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The Times They Are A-Changin'

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If you have a question about this talk, please contact Gareth Conduit.

The last 30 years have seen the steady and exhilarating development of powerful quantum-simulation engines for extended systems, dedicated to the solution of the Kohn-Sham equations of density-functional theory, often augmented by density-functional perturbation theory, many-body perturbation theory, time-dependent density-functional theory, dynamical mean-field theory, and quantum Monte Carlo.

Since these simulations are performed without any experimental input or parameter they can streamline, accelerate, or replace actual physical experiments. This is a far-reaching paradigm shift, substituting the cost- and time-scaling of brick-and-mortar facilities, equipment, and personnel with those, very different, of computing engines.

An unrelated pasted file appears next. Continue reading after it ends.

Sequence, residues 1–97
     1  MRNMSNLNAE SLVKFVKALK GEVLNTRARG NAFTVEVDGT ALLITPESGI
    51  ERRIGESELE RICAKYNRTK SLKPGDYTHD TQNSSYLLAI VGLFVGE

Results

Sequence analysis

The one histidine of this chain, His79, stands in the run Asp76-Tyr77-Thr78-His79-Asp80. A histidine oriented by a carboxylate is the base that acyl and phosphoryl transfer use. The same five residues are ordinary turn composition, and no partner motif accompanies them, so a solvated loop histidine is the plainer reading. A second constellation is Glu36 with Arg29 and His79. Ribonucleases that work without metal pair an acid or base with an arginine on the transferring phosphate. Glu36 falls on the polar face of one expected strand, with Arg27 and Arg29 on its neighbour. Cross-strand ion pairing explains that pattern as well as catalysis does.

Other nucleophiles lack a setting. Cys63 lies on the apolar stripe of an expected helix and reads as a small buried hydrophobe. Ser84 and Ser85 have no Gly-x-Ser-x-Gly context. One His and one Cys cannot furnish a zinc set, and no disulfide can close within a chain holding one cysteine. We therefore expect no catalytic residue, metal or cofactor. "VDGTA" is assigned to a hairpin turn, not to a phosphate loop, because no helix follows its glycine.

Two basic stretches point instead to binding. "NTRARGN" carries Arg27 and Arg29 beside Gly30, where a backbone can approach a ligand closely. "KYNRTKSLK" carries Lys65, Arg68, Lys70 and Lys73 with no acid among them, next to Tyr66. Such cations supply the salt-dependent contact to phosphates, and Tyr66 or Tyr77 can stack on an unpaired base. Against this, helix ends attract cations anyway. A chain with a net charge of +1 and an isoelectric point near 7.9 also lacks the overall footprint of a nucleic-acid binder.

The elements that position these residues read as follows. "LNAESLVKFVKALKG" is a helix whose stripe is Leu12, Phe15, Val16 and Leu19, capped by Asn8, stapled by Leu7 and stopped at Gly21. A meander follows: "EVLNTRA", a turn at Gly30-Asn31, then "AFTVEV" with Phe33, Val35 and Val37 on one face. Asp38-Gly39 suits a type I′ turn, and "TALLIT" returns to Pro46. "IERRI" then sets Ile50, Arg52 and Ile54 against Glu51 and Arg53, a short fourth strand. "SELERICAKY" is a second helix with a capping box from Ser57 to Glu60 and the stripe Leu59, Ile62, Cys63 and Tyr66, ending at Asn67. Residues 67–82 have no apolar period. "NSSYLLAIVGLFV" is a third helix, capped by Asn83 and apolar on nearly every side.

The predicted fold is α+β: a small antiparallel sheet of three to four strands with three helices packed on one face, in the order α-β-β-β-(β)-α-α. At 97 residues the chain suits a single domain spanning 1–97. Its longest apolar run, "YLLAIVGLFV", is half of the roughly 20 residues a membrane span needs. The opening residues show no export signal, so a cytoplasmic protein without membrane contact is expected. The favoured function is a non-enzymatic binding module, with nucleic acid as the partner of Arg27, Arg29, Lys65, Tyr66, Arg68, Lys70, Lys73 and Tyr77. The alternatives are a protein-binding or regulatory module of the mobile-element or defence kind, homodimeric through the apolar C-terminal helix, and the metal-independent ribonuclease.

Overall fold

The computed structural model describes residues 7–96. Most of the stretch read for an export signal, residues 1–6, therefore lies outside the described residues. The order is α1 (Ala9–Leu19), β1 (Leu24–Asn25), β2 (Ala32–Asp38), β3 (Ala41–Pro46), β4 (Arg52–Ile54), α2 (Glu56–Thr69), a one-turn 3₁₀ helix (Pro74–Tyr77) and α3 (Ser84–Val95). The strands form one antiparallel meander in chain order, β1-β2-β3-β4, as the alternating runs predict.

Nevertheless, computational science remains anchored to a renaissance model of individual artisans gathered in a workshop, under the guidance of an established practitioner. Great benefits could follow from rethinking such model, while adopting concepts and tools from computer science for the automation, management, preservation, analytics, and dissemination of these computational efforts.

I will offer my perspective on the current state-of-the-art in the field, its power and limitations, the role and opportunities of high-throughput computing, and some examples that hint at the novel approaches that, for better or for worse, are emerging.

This talk is part of the Theory of Condensed Matter series.

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